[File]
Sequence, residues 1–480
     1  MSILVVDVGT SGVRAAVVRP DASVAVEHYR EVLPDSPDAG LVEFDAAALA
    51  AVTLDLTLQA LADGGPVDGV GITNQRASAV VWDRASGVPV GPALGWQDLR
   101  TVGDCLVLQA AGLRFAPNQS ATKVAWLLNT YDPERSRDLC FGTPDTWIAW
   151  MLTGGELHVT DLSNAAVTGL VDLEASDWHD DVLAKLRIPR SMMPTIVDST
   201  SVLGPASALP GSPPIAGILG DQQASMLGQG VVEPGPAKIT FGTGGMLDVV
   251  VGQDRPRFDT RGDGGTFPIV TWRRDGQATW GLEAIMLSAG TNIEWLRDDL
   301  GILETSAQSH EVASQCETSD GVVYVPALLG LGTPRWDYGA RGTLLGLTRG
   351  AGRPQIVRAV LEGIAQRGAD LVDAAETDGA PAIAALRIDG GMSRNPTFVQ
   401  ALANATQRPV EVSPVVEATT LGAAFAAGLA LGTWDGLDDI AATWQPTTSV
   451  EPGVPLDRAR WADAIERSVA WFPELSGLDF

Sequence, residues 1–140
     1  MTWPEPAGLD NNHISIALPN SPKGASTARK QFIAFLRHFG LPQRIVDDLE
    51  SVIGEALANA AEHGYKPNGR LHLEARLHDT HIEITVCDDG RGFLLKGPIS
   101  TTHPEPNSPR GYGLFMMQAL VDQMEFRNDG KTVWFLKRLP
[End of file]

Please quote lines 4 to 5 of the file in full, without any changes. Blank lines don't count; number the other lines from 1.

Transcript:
   101  TVGDCLVLQA AGLRFAPNQS ATKVAWLLNT YDPERSRDLC FGTPDTWIAW
   151  MLTGGELHVT DLSNAAVTGL VDLEASDWHD DVLAKLRIPR SMMPTIVDST